The rediscovered black-browned babbler. Photo by Muhammad Suranto and Muhammad Rizky Fauzan.

Melting ice has forced polar bears in the Russian Arctic to change their diet and switch from hunting seals to catching fish, geese and even lemmings, scientists said. “In recent years, there is a trend that bears are beginning to adapt to life on the shore. Previously, we noticed emaciated individuals in greater numbers, now more often there are well-fed animals. Their behavior suggests that they find an opportunity to adapt on the shore,” said Ilya Mordvintsev, a leading researcher at the Severtsov Institute of Ecology and Evolution of the Russian Academy of Sciences. Alexander Gruzdev, director of the Wrangel Island Nature Reserve, which is home to about 800 polar bears, said that the predators began to fish. “Two years ago, a lot of pink salmon appeared in the rivers, bears began to actively hunt for fish, although not as successfully as brown bears in Kamchatka. We haven’t seen this before. The activity of the bears was high, and they became well-fed on fish, ” the director said. According to him, the bears also began to practice uncharacteristic ground hunting. “There are attempts to hunt musk oxen, sometimes they try to chase geese. When there was a large number of lemmings, the bears dug through the entire tundra, extracting them, and so waited out the ice-free period on them, ” said the head of the reserve. Director of the National Park “Lena Pillars” (Yakutia) Arkady Semenov noted that in the region there is a similar behavior of polar bears. “With the Lemmings, this is absolutely true. Even this year, we had two bears terrorizing reindeer herders, we somehow drove them away. The bear is really adapting, ” Semenov said.

A polar bear in a field of flowering cypress on the shore of Hudson Bay. Photo by Dennis Fast.

Over the past two decades, orangutan researcher Marc Ancrenaz watched as a tidal wave of oil palm has engulfed his once-forested research sites in northern Borneo. When he would find an orangutan in a patch of forest surrounded by planted palms, he said he figured the animal would soon disappear. But as the months and years rolled on, some of those orangutans stayed where they were, Ancrenaz said. Females turned up with babies clinging to their bellies, and he would occasionally spot males swaggering on the ground between the palms. “Year after year, they were still there,” he said.

A male orangutan in Indonesian Borneo. Photo by Rhett A. Butler/Mongobay.

A widespread field search for a rare Australian native bee not recorded for almost a century has found it’s been there all along — but is probably under increasing pressure to survive. Only six individual were ever found, with the last published record of this Australian endemic bee species, Pharohylaeus lactiferus (Colletidae: Hylaeinae), from 1923 in Queensland.

“This is concerning because it is the only Australian species in the Pharohylaeus genus and nothing was known of its biology,” Flinders University researcher James Dorey says in a new scientific paper in the journal Journal of Hymenoptera Research.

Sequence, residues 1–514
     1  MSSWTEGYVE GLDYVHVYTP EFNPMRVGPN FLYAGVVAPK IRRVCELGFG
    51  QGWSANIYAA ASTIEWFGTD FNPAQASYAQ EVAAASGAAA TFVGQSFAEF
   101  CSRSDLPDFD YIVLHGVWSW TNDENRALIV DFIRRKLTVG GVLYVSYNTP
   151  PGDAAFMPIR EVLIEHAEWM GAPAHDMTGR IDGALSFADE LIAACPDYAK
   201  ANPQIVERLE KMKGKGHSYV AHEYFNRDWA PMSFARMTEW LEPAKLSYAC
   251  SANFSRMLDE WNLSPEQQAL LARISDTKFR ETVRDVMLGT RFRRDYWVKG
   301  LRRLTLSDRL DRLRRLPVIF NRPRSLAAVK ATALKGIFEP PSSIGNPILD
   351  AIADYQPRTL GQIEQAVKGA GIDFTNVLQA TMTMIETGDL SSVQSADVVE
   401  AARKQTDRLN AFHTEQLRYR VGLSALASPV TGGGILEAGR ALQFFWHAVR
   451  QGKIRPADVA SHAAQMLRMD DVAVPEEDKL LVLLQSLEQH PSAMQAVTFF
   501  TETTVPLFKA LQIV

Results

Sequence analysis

“Three populations of P. lactiferous were found by sampling bees visiting their favored plant species along much of the Australian east coast, suggesting population isolation,” says Flinders University biological sciences PhD candidate James Dorey.

Emmanuel’s NGO, Cameroon Gender and Environment Watch (CAMGEW), is training locals as beekeepers, giving them the prospect of a decent income from honey and beeswax products – and an incentive to protect the forest from bushfires. His particular forest is known as Kilum-Ijim and it rises up the slopes of Mount Oku in Cameroon’s remote Western Highlands. It’s a fragment of rare montane rainforest which once cloaked the slopes and valleys as far as the eye could see. It’s been losing ground for decades – but not anymore. Now it’s starting to recover. Which is where the bees come in. And it’s working. Fires are now a rarity – and when they do happen, he says, “people rush to the forest to put them out”. CAMGEW’s work doesn’t begin and end with bees. It’s set up tree nurseries to restore lost acres, where local schoolchildren care for the seedlings and “learn to love the forest”. It’s trained farmers in sustainable techniques, like forest gardens and alley cropping, which can provide better yields than destructive slash-and-burn methods (which all too often start bushfires). And it’s working with local women’s groups, arranging micro-credit loans to help them establish small businesses and earn their own income. Result? Over the last decade, it’s simultaneously restored the rainforest and massively improved the lives of those who live in and around it.

Lower Border of the Oku forest above the village of Elak, Cameroon. Photo by B. Gill.

Wastes

A nairobi-based 29-year-old entrepreneur and inventor — is the founder of a startup that recycles plastic waste into bricks that are stronger than concrete. Called gjenge makers ltd, her company initiated following the development of a prototype machine that turns discarded plastic into paving stones. One day at the factory means 1,500 churned plastic pavers, prized not just for the quality, but for how affordable they are. Inspiring video